With President-elect Donald Trump promising to spend his first 100 days in office pushing an ambitious agenda that includes tax and regulatory reform — and above all, economic growth — retirement issues don't have much of a chance of being noticed, at least in a good way.
“They are not talking about retirement at all. That's the problem,” said Brian Graff, CEO of the American Retirement Association in Arlington, Va., at a Dec. 15 retirement policy conference held by the Employee Benefit Research Institute in Washington. “We're viewed as this big, attractive piggy bank that they can use for their priorities, and it's because we are not the priority. It's the fundamental indifference about retirement that is our biggest challenge.”
Mr. Trump and congressional Republicans who will be leading the tax reform effort want to stimulate economic growth by simplifying the tax code and lowering rates. To offset the revenue loss, they will have to find money somewhere else. That puts the two biggest tax deductions, health care and retirement savings, at risk of at least partial trimming, either through less generous deductions or limits for higher-paid workers.
“There's a potential threat,” said Geoff Manville, principal, government relations, at Mercer LLC in Washington. ”We've seen a number of proposals put forth. Some would reduce the types of plans (eligible for deductions) for simplicity and portability, similar to health care, to level the tax advantage playing field across the entire employer/non-employer space.”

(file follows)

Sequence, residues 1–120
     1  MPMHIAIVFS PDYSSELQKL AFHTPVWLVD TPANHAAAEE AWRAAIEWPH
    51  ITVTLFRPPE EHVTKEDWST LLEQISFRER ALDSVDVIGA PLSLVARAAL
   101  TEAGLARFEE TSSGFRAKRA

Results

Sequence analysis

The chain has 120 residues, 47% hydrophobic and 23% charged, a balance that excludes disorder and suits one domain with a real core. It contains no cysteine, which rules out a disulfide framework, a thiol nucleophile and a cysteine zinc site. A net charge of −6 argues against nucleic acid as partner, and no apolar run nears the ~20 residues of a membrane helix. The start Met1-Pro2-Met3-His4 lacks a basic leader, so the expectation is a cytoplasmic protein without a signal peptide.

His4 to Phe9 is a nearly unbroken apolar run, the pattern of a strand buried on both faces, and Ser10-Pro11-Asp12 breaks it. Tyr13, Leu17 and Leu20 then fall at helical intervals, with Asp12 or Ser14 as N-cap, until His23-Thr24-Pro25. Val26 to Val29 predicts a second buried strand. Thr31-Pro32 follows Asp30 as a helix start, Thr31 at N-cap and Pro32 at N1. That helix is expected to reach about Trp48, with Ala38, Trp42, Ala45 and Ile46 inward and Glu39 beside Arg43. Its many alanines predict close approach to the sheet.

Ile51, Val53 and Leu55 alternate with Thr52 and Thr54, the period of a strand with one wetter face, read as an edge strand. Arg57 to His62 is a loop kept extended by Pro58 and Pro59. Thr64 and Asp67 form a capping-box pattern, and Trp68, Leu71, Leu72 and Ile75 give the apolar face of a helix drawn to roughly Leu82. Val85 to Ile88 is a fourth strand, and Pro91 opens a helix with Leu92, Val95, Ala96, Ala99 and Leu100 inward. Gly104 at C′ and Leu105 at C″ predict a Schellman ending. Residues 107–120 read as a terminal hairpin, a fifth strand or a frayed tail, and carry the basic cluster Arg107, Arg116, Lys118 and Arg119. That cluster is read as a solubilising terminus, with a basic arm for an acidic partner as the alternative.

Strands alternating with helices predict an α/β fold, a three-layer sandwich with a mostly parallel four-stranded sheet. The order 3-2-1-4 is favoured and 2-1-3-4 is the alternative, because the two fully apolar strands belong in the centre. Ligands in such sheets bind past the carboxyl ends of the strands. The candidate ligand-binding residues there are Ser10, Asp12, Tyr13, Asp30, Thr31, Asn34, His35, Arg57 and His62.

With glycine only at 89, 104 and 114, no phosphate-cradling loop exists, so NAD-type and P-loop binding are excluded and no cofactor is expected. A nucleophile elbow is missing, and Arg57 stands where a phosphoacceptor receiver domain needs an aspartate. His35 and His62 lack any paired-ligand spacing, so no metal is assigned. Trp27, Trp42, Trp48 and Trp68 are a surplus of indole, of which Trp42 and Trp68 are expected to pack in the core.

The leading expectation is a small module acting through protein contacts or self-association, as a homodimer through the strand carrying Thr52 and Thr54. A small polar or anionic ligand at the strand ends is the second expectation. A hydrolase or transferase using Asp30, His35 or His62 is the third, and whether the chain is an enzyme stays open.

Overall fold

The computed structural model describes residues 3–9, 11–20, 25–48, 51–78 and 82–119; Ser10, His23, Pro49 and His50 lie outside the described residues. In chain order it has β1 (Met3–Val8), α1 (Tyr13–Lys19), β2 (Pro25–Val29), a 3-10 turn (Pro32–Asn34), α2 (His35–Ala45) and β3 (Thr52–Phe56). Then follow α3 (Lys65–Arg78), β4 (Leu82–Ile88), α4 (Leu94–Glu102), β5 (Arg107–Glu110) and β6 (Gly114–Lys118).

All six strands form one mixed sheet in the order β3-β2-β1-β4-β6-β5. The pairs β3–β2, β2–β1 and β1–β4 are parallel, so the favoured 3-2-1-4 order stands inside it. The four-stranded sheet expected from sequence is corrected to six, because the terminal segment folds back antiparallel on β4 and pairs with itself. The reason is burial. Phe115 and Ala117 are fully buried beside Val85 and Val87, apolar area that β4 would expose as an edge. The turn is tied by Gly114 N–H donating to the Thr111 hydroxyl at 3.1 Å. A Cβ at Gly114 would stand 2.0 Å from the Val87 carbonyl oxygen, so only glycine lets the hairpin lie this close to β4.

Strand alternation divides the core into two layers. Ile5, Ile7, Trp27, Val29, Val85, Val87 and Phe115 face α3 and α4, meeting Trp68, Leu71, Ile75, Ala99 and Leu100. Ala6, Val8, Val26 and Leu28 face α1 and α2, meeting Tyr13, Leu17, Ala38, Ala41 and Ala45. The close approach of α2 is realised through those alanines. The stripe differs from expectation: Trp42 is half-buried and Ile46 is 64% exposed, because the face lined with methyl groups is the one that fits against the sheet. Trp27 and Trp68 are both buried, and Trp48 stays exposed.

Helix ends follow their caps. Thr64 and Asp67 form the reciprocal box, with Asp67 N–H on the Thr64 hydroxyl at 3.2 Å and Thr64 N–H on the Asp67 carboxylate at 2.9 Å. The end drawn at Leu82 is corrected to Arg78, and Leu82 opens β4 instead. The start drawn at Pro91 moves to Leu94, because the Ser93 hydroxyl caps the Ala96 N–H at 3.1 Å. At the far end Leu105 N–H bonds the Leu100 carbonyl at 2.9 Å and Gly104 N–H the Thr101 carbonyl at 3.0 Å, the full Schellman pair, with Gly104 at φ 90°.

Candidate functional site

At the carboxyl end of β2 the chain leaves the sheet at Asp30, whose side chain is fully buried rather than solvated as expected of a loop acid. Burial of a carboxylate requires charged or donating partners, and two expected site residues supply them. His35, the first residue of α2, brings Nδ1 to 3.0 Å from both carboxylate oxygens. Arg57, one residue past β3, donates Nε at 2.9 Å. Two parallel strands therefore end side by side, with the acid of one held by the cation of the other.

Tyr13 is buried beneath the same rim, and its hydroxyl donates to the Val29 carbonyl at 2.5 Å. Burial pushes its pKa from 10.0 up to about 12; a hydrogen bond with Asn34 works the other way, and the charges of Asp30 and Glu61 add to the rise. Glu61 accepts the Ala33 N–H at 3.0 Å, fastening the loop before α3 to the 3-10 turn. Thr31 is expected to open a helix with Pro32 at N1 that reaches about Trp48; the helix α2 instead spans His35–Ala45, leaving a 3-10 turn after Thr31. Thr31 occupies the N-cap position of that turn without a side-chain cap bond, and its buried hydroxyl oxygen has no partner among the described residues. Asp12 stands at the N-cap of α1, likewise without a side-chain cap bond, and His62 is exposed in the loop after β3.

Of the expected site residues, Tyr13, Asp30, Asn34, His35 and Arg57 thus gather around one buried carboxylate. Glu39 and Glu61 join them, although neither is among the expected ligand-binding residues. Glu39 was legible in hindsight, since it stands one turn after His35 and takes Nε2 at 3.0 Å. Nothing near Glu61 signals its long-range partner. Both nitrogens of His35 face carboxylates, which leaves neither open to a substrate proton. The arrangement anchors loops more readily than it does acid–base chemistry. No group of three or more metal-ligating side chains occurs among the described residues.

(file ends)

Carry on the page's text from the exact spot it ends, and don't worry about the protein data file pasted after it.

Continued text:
He and others are hopeful that in the hunt for revenue, the recent trend of raising premiums paid to the Pension Benefit Guaranty Corp. will be reversed by legislation backed by Senate Budget Committee Chairman Michael Enzi, R-Wyo., to take PBGC premiums out of the federal budget process and keep more plan sponsors from leaving the defined benefit system.
Republican control of Congress and the White House could also revive a package of retirement savings reforms passed by the Senate Finance Committee in September that would, among other things, allow employers to access open multiple-employer plans, make it easier for them to offer annuities, expand access to 401(k) plans to some part-time workers, and offer startup and automatic-enrollment tax credits for small businesses. The multiple-employer plan model “could do a lot to expand coverage and could transform the industry,” said Mr. Manville.
The Senate Finance package also tried unsuccessfully to address severe underfunding of the $4.4 billion United Mine Workers of America 1974 Pension Plan, Washington. That plan plus several other large struggling multiemployer plans expected to overwhelm a struggling PBGC could provide an unexpected challenge to the Trump administration, which might have to support benefit cuts or new funding sources.